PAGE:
President Barack Obama, who has been reversing course on a host of Bush administration policies, Thursday will make a bid to expand and strengthen one of the programs most closely associated with his predecessor.
George W. Bush created the White House faith-based grant program, and Obama intends to keep the same structure. But Obama is going a significant step further, with the creation of a new board of advisers whose recommendations will be woven directly into his policy-making apparatus.
Under Bush, a White House-based program to encourage grants to faith-based social service programs began with high hopes and a barrage of publicity. But over time this Bush hallmark suffered amid complaints from many of its backers that it had become marginalized and used for partisan purposes by White House political aides.
Under Obama, the President's Council for Faith-Based and Neighborhood Partnerships will allow 25 faith and secular leaders to provide regular input on policy and to advise the White House faith office, which is tasked with distributing grants. Obama is slated to announce the council Thursday and meet privately with members at the White House.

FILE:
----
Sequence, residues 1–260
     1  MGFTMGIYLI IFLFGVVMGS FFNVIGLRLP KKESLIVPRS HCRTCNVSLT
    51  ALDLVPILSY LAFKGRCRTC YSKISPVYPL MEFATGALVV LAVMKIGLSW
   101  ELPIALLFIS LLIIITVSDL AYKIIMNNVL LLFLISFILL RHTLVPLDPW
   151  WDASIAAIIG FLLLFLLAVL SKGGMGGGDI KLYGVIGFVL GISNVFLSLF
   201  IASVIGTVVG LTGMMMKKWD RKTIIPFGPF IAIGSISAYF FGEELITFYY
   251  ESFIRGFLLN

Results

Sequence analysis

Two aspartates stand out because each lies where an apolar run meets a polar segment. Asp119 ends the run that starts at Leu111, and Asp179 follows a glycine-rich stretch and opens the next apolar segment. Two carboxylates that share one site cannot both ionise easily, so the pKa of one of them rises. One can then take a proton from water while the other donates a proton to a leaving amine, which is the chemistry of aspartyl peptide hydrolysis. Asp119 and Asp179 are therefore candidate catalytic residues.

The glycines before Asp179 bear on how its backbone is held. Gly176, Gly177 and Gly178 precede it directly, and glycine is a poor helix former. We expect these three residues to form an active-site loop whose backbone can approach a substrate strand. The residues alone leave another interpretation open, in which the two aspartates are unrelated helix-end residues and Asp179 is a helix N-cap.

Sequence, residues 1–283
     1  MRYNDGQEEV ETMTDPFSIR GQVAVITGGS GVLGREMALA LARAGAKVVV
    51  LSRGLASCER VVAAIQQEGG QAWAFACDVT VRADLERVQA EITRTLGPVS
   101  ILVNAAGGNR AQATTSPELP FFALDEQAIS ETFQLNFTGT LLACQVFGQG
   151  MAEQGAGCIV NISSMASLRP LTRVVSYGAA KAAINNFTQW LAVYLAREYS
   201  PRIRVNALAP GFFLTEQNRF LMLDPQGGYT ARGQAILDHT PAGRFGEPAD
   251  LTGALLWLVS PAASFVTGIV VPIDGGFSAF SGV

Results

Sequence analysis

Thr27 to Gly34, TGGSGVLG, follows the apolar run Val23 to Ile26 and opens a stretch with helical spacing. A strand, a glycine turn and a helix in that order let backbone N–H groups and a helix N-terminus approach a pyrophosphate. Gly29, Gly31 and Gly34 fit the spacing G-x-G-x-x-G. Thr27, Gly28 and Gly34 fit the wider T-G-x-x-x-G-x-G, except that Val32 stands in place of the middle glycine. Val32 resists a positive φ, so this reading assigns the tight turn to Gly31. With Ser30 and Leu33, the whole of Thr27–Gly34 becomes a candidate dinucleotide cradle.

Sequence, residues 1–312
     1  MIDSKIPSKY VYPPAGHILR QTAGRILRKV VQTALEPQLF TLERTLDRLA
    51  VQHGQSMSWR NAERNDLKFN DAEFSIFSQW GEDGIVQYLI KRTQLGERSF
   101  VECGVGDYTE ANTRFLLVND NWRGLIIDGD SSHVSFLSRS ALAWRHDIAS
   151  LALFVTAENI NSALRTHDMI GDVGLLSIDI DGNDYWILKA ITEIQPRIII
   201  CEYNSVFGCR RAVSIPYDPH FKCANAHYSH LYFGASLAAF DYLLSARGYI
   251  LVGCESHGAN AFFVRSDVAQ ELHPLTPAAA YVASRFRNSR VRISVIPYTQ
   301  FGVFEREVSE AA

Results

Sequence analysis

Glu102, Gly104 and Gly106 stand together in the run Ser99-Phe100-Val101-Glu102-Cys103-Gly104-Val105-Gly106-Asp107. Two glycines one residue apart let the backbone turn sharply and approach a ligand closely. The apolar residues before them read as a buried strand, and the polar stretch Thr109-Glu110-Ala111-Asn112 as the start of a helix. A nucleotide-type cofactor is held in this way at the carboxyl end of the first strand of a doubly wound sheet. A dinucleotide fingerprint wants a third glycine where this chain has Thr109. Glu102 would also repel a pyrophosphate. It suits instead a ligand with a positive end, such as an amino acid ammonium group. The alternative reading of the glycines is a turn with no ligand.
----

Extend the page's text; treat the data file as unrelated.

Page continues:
"The conventional wisdom suggests that, since Bush used much rhetoric about his commitment to working closely with religious leaders and communities, that the new Democrat coming to the White House might seek to diminish the role of religion in his administration," said the Rev. Jim Wallis, the president of the progressive Christian group Sojourners and a member of Obama's new council. "But I believe the opposite may turn out to be true. There will be a new paradigm of religious influence under the Obama administration."
The council will pull together an evangelical megachurch pastor, a Reform rabbi, a former Southern Baptist Convention president and the first female bishop in the African Methodist Episcopal Church. The membership is intended to cross the political and religious spectrum, fulfilling Obama's promise to run an inclusive administration. But with the diversity could come conflict.